U.S. Cellular Field

Wrigley Field by day, U.S. Cellular Field by night


source:  I was out on Friday because I went to Chicago for the weekend for various reasons. High among those reasons was to take in a Chicago doubleheader: Cubs day game and White Sox night game. I did and had a nice time.

My first visit to Wrigley came 13 years ago. I was young and able to handle much more foolishness than I can now, so naturally I sat with my young friends in the bleachers and consumed all manner of beverages and kinda sorta watched Sammy Sosa hit a home run and paid a little bit of attention to the game and then sort of lost track of time until I was somehow transported to a place called Ace Liquors in West Chicago at 11pm and then told everyone for the next couple of days that I had a fine time at Wrigley and how, yes, it makes total sense for every Big Ten graduate to migrate to Lincoln Park and boy it would probably be nice to have a beer with that George W. Bush guy who’s running and aren’t the 2000s shaping up to be just like the 90s only more prosperous and peaceful?

Which is to say that one’s opinions and tastes change, as does the world, and you never know exactly how it will change.

My view of Wrigley certainly has changed. It’s hard to say anything about Wrigley Field that hasn’t already been said. Thing is, almost everything that has been said about it, no matter how superficially contradictory, is pretty much true. It is charming. It is a dump. It is a great place to watch baseball. It does contain a whole hell of a lot of people not watching baseball. I can’t think of a park which has the whole of baseball experiences in it, both bad and good, like Wrigley Field does.

This time I sat in good seats along the first base line and was responsible and aware and apart from being absolutely frozen by a stiff wind blowing in directly at me from left field on an already chilly day for June, I found the place to be peaceful and conducive to good baseball-watching. Part of that is me being an old fogey now, and enjoying the fact that the organ music-to-crappy pop ratio is very nice at Wrigley, as are the relative lack of promotional announcements and general noise pollution. I didn’t focus 100% on the game as I wanted to move around some and see the park from different angles, and because I had some friends up in the upper deck I wanted to go visit, but I walked away from Wrigley feeling like the place still has something baseball needs.

Yes, it’s decaying in many ways and has to get that renovation the team is proposing, yes there is still a lot of nonsense out in the Bleachers and, no, it’s not some Field of Dreams-style jewel that must be preserved lest baseball lose its very soul. But the essence is right. If they can keep the place a building that is about presenting you a nicely unadorned baseball game in an urban setting, the Cubs will have done a great service. I sure hope the don’t mess up the good parts while they fix all the bad stuff.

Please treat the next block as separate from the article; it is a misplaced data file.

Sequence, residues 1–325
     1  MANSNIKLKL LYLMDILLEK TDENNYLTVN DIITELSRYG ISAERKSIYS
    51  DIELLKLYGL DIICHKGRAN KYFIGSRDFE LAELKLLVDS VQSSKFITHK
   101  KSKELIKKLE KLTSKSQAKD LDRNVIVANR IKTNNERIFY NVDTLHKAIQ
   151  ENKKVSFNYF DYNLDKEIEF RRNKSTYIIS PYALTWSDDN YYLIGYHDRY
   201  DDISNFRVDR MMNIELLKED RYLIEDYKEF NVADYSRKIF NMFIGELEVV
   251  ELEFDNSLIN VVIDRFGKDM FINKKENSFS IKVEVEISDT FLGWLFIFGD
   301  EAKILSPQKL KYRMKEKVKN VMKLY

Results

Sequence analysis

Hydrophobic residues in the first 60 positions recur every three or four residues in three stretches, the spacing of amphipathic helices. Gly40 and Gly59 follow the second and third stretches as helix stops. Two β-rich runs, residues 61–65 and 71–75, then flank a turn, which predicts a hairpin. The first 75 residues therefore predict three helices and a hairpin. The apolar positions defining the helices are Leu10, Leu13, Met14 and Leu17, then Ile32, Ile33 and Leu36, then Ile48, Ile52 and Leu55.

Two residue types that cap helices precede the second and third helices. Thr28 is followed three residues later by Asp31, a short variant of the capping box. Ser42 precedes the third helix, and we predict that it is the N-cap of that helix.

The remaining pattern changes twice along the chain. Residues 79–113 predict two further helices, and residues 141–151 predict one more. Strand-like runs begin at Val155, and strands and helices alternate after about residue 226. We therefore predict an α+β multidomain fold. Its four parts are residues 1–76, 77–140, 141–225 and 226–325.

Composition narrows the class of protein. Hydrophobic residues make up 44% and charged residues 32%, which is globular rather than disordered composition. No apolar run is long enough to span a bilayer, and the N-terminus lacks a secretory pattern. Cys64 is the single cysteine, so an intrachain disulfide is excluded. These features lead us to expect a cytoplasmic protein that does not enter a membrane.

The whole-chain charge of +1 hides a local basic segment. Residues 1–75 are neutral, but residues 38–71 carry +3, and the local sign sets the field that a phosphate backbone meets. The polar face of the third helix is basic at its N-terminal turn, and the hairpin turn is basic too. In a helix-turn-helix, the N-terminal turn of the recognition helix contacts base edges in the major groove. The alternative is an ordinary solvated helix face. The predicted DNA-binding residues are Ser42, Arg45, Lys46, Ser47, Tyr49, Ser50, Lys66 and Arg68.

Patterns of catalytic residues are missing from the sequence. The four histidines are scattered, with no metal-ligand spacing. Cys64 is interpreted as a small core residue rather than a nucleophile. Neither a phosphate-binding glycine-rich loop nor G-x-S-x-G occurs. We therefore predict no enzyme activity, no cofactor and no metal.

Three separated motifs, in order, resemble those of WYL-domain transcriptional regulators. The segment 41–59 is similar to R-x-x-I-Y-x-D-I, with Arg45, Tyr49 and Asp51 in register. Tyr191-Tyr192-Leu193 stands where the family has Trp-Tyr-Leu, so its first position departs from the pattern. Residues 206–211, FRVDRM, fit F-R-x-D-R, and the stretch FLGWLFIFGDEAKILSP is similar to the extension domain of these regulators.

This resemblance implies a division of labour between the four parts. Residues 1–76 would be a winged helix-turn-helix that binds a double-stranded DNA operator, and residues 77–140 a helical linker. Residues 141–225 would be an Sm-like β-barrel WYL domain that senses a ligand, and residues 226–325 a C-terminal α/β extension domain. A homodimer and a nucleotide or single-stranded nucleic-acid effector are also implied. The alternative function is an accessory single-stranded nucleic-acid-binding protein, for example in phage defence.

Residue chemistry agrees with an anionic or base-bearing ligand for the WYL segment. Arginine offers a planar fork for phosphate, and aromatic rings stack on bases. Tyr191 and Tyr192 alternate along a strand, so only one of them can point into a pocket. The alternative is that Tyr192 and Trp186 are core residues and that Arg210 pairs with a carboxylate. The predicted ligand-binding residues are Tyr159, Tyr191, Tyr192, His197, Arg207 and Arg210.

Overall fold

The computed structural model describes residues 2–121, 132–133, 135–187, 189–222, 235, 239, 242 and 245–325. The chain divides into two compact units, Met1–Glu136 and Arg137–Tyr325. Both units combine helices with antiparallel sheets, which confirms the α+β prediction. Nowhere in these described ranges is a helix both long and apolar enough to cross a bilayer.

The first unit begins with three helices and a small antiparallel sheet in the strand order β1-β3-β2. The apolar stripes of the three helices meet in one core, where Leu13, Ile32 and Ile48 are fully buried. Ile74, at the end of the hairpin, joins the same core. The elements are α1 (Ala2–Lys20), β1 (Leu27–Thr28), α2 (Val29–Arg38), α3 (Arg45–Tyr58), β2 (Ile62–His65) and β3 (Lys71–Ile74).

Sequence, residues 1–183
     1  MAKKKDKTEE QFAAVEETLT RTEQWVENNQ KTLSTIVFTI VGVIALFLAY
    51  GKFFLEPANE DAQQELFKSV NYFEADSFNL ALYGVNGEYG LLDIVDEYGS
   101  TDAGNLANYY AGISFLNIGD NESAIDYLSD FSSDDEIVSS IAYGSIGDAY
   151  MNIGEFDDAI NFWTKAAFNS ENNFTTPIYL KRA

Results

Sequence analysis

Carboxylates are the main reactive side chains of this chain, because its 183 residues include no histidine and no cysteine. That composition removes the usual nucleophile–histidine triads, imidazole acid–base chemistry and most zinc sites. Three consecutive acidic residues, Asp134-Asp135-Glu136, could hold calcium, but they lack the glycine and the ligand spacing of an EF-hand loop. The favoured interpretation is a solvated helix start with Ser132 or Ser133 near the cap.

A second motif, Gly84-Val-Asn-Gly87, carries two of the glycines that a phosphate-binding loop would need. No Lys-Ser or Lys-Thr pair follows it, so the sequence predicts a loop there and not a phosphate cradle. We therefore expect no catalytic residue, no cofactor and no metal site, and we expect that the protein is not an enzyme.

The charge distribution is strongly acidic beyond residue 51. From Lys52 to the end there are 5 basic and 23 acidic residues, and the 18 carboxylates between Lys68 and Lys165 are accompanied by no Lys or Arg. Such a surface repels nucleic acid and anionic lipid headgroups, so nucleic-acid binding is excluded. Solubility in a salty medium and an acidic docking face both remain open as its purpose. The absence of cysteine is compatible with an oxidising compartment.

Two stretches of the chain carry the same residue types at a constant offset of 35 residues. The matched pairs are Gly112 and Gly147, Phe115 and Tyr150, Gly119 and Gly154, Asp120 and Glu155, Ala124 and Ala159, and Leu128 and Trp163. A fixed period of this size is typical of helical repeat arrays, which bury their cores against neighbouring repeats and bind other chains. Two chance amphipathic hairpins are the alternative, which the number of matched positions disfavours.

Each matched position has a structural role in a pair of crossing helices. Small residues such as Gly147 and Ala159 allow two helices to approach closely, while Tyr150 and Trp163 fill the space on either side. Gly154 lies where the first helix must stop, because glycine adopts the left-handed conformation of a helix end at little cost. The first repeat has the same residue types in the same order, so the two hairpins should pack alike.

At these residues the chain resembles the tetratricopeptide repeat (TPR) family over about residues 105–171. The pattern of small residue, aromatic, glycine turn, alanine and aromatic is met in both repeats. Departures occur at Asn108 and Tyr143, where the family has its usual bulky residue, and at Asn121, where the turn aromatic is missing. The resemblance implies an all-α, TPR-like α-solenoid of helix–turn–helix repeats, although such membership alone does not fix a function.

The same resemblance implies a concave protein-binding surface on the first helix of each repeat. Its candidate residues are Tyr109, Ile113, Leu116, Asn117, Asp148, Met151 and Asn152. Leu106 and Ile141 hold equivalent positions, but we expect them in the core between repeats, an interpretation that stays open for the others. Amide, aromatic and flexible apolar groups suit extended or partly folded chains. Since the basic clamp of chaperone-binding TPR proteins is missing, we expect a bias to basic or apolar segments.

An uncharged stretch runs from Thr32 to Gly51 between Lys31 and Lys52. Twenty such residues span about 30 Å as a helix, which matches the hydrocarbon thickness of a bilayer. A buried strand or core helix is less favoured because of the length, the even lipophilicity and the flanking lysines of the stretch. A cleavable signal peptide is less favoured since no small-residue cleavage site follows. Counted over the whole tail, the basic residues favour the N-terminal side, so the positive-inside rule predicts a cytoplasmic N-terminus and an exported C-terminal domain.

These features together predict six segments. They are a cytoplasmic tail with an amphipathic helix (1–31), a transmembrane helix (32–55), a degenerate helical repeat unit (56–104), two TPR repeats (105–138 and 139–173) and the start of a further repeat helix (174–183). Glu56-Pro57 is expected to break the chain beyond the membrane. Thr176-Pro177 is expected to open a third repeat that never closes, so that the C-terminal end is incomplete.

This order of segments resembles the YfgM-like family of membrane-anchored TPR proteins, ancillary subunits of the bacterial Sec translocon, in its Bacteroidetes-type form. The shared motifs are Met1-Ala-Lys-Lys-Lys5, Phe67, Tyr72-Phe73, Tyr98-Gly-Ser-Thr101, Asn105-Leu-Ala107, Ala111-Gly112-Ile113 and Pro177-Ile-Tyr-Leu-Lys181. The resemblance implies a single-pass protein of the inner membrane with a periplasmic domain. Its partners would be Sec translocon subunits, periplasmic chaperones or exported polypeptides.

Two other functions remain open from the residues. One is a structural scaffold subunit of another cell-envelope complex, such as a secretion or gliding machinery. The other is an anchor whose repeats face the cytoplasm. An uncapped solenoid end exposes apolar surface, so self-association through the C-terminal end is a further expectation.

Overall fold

source:  The evening meant the A’s and White Sox at U.S. Cellular Field. It’s an underrated park. So much of my opinion of that place — which I had never visited before Friday — was based on outdated information. It was the last of the parks to be built before Camden Yards revolutionized ballpark construction, and for that reason I assumed it was coldly utilitarian in the way all of those 1960s-80s multi-use parks used to be. I guess I maybe knew that at some point in the 90s there were major renovations to cozy the place up, make the upper deck a less harrowing and severe place and all of that, but it just didn’t register in my gut somehow. Fact is, it is rather indistinguishable from most of the post-Camden Yards parks, both for good and for bad.

U.S. Cellular does all of the things a modern park is supposed to do: it’s clean and easy to get to and spacious and the food is good and the sight lines are great. I got to the park early, sat in the Bullpen Bar, which is just beyond the right field fence at field level, and watched the A’s take batting practice. As the sun went down I took a nice stroll around the concourse, taking the long way to my seats — my inexpensive seats — behind home plate. I had a great Italian Sausage and my companions had what they, in their expert opinion, said were the second-best helmet nachos at a major league park (Texas wins). The bathrooms were clean with short lines. It was easy in the way you want the ballpark experience to be easy.